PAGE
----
Everyone works a little bit differently in Photoshop. And while we each might have our own preferences for tools and techniques, there’s one tool that can help all of us edit faster and more efficiently: keyboard shortcuts.
Learn how to create your own custom keyboard shortcuts for the tools you use the most in Photoshop.
Whether you’re brand new to Photoshop or a longtime user, keyboard shortcuts are the single-most useful tool to help smooth out your editing workflow.
Keyboard shortcuts make editing a much more fluid process, helping make the software feel more like an extension of your creativity rather than a tool you’re trying to push to do what you want.
Photoshop has hundreds of built-in shortcuts for all of its core tools and features. We recommend taking the time to learn as many of these as possible. Each keyboard shortcut you learn can each shave precious seconds off an edit that would otherwise be spent hunting for a tool with the mouse.
Custom Keyboard Shortcuts
The stock keyboard shortcuts in Photoshop are the best place to start learning. But as you progress and start using more advanced tools and features, you’ll quickly discover that many of them don’t have assigned shortcuts.
So if you have a feature you love and use regularly that doesn’t have a keyboard shortcut, make your own!
Let’s take a look at how to make a custom keyboard shortcut in Photoshop.
Think in Keyboard Shortcuts
If you’re learning keyboard shortcuts, it can help to start breaking down tasks by all of the keyboard shortcuts you might need to complete it.
In our example, we want to remove the objects reflected in the subjects glasses. We know we can do this pretty easily with the Brush Tool. To work non-destructively, we’ll need to create a New Layer. Using the Brush Tool, we’ll need to Sample colors from the photo to paint with. For flexibility, we’ll need to be able to change the size of the brush as well as the intensity of how much paint is applied (Flow). And to clean up our paint job, we’ll want to create a Layer Mask and then paint with black and white on our Brush Layer.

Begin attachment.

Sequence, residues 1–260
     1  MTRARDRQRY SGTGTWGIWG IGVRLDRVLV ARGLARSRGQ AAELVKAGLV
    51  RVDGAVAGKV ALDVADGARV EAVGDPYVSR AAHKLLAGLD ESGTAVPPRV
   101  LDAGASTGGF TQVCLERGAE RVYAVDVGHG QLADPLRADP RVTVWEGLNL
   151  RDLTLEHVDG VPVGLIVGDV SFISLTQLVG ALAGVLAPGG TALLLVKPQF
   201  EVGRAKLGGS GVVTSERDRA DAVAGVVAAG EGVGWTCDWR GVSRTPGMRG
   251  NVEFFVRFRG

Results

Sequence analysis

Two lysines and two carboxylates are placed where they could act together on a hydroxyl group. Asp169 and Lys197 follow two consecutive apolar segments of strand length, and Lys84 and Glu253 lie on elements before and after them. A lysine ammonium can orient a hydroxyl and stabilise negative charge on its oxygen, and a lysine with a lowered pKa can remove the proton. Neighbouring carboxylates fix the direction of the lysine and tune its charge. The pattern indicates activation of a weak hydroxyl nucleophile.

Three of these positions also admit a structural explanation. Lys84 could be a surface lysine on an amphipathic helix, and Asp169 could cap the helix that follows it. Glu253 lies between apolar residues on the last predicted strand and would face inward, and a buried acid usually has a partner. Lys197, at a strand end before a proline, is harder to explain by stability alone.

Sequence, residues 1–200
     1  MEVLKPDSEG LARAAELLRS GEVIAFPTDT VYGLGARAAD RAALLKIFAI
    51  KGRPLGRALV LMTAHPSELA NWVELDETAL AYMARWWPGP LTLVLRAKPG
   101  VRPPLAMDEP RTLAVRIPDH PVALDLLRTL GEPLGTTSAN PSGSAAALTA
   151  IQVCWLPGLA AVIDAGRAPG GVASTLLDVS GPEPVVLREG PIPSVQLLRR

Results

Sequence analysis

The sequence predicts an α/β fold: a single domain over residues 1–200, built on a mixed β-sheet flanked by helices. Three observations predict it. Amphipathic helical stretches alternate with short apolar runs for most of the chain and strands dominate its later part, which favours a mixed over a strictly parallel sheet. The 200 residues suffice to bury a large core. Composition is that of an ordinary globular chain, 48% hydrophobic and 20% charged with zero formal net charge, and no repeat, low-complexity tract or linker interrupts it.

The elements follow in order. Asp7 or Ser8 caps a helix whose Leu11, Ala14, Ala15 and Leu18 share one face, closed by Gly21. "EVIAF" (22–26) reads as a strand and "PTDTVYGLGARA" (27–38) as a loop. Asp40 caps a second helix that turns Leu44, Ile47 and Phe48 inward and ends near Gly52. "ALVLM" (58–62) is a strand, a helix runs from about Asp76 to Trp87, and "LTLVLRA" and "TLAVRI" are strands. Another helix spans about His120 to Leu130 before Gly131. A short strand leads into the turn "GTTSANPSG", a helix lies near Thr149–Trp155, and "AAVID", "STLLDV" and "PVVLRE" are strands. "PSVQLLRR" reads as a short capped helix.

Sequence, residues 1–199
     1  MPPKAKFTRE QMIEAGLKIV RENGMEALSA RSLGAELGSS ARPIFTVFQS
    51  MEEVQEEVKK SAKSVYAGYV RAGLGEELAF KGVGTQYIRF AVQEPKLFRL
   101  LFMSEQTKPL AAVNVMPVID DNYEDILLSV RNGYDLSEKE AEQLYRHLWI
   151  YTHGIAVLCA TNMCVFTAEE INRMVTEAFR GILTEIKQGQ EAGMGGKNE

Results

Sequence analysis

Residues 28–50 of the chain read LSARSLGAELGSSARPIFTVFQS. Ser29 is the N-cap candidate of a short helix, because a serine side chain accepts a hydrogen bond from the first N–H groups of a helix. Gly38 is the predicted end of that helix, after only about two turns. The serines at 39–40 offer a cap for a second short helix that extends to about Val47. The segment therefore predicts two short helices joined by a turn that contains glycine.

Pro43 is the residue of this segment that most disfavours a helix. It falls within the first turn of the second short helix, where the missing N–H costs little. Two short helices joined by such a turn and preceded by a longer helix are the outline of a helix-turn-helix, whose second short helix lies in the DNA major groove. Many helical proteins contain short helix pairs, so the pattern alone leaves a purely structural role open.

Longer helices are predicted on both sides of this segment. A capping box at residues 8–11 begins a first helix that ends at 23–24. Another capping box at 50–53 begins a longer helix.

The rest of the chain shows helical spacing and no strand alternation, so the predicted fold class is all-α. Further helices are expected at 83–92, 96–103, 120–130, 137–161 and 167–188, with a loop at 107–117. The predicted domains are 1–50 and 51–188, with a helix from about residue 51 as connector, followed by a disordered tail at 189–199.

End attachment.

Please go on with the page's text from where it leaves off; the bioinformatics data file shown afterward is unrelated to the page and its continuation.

Now let’s look at this process as a series of keyboard shortcuts:
Create a New Layer: CTRL/CMD + ALT/OPTN + SHIFT + N
Select the Brush Tool: B
Sample a Color: Hold ALT/OPTN and click on a color
Change Brush Size: [ or ] (smaller and larger, respectively)
Change Brush Flow: SHIFT + 0-9
Create a Layer Mask: No default shortcut
Set to Default Colors (Black and White): D
Switch Foreground and Background Colors: X
Great! Looks like we have a keyboard shortcut for almost every step. The only step missing a shortcut is the point where we need to add a Layer Mask. Let’s quickly go through this edit, and when we get to a point where we need a shortcut, we’ll create it!
Editing with Keyboard Shortcuts
As we said, the goal of this edit is to remove the objects reflected in the subject’s glasses. This is a relatively simple fix with the Brush Tool.
Before beginning, create a new Layer by hitting CTRL/CMD + ALT/OPTN + SHIFT + N. Anything we paint with the Brush Tool should go on this Layer, and not on the original image Layer.
Select the Brush Tool by hitting B. Adjust the size of the Brush by hitting [ or ] and set the Brush to a low Flow by hitting SHIFT + 0-9.